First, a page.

Here is a list of lessons I have learnt from eight plus years of mutual fund investing and countless hours spent studying and making analytical tools for the blog.
Perhaps many of these may seem trivial to regular readers, but for the record here goes.
1 Past performance matters, but not as much: Before choosing a mutual fund, it is common sense to check how it has fared. However, that is no guarantee of future success.
2 Selecting the right mutual fund is not possible This is naturally related to the above. Many frighten investors that it is important to choose the right fund else returns may be poor. This is nonsense. Active management is essential.
3 Reviewing is more important than selection. Thanks to this realisation, today I can choose funds in under ten minutes. You can do it in under 30 minutes for start :). Whatever fund I hold, whatever its past performance, if I am not able to properly review its performance with personal benchmarks, the time spent in selection is of no use. Read more: How to review a mutual fund portfolio
4 Returns are not important I have now learnt to review mutual funds or any other instrument without worrying about returns. Considering only what the current corpus is worth keeps me calmer. Low expectations also helps. Read more: Review Your Financial Freedom Portfolio in Seven Easy Steps
5 SIP is not a strategy We keep a SIP running and hope everything will turn out all right in the end. As mentioned above, active management is necessary and this is possible without stopping SIPs. Read more: Simple Steps to De-risk Your Investment Portfolio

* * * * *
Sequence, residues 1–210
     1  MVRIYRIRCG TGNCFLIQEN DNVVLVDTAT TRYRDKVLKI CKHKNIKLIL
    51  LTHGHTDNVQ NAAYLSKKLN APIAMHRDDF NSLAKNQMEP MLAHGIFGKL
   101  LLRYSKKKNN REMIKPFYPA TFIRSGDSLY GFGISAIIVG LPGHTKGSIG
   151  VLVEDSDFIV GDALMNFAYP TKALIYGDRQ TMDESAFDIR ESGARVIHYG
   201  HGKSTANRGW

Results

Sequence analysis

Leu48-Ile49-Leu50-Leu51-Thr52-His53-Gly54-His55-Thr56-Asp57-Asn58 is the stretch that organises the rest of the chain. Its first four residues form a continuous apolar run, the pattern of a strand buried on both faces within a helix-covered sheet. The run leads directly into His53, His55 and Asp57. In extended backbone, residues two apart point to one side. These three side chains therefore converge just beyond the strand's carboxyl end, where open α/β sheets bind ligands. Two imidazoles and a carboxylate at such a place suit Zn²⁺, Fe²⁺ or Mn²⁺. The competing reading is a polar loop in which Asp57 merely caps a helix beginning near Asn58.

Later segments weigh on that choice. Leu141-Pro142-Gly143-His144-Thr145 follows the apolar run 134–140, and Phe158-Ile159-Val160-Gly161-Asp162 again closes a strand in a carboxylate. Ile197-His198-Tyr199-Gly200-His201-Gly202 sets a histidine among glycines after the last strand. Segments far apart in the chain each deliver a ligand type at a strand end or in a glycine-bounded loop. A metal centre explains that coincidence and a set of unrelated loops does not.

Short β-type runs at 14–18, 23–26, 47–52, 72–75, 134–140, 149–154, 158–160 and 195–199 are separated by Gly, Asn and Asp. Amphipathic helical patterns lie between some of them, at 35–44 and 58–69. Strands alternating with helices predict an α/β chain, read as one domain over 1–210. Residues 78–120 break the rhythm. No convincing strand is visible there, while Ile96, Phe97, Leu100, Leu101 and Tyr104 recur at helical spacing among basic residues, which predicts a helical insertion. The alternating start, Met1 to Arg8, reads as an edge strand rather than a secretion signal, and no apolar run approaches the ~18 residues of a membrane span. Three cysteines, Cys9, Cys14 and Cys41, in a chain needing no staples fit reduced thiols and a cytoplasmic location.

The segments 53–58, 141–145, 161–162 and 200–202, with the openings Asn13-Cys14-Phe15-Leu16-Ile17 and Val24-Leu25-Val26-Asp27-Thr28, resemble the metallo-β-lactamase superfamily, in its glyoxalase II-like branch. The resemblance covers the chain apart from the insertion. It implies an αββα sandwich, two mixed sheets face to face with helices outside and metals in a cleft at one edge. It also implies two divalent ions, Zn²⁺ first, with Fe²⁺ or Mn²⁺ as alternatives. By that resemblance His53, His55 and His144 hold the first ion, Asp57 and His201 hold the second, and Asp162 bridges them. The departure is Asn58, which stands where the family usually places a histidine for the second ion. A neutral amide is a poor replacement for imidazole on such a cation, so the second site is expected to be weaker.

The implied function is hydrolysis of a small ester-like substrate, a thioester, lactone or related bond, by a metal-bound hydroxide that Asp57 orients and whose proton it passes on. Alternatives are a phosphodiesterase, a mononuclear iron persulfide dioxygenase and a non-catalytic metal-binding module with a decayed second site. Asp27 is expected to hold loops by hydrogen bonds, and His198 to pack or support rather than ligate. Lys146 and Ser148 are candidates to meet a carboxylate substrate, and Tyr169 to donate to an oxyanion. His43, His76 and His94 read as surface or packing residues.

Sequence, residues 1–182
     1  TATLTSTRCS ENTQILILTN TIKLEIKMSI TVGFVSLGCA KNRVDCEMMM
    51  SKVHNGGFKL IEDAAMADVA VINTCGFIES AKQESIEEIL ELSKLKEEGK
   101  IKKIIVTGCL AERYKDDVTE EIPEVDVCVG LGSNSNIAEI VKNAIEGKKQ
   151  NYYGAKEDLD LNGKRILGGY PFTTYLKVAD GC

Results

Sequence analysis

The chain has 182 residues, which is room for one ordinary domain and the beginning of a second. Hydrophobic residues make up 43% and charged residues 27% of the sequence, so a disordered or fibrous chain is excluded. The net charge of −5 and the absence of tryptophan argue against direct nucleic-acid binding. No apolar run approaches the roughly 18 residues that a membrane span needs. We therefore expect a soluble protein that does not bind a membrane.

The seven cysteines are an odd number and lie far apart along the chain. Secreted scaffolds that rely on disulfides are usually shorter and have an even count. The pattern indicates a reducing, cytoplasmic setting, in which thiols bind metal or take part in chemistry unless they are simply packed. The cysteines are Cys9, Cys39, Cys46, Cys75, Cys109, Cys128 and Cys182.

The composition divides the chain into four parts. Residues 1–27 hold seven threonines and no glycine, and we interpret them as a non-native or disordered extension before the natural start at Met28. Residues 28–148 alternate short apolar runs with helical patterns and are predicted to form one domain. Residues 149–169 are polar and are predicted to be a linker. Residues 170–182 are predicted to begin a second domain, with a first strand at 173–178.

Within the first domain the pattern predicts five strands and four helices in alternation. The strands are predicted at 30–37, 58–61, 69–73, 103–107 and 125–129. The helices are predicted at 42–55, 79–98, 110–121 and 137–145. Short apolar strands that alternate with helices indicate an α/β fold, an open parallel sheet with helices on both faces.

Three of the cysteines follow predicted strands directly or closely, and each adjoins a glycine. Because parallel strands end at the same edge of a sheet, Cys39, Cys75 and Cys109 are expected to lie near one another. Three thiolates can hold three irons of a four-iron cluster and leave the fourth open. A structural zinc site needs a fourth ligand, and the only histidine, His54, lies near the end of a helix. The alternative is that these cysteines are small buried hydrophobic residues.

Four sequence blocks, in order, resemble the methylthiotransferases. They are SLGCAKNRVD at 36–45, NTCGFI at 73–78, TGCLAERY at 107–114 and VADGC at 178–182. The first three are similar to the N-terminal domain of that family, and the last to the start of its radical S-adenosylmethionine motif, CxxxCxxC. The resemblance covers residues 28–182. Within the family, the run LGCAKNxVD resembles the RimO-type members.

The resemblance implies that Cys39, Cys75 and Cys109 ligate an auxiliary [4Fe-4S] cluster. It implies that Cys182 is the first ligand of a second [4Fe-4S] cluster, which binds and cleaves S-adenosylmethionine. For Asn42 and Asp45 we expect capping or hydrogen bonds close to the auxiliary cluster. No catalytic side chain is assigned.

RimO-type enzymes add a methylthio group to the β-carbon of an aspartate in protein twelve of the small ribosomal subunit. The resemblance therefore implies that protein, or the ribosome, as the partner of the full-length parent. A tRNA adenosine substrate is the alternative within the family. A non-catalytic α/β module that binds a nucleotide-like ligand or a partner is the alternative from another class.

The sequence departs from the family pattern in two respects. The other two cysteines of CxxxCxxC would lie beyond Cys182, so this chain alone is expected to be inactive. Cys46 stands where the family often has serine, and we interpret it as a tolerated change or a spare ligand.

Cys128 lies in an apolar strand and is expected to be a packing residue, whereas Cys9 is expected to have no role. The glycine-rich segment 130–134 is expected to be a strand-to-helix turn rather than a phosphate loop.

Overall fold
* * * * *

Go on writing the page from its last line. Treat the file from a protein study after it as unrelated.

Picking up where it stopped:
Remember SIP <> Discipline!
Just because we have set an alarm clock to ring each morning at 5 am, does not mean we have become disciplined. We still need to get up. Starting a SIP means little. We need to learn how to systematically reduce the risk associated with a SIP
6 Go beyond SIPs Although I am a fan of systematic investing, I found a SIP too stifling. Discipline is not a problem for me and it takes under a minute to make an investment online. And I am not that busy that I cannot spend a few minutes to invest manually. This does not tie me down to a single fund. Not recommending this, just a lesson for me.
7 Star ratings are useless They are flawed in multiple ways -trying to rank an inhomogeneous group, assuming returns fall on a bell curve etc.
The key issue is that the start rating analyst looks at fund performance at a different period that than that you have invested in. This can make a world of difference. It is like the Blind Men and the Mutual Fund!
8 Peer comparison is useless after we start investing in a mutual fund Even if we compare category peers for the exact investment dates as ours, it is not productive. Due to several requests, I making a tool that enables such a comparison but …
I prefer a simple check to see if the fund is outperforming the total returns index of its chosen benchmark. This can be done either with:
Multi-index Mutual Fund Rolling Returns Calculator or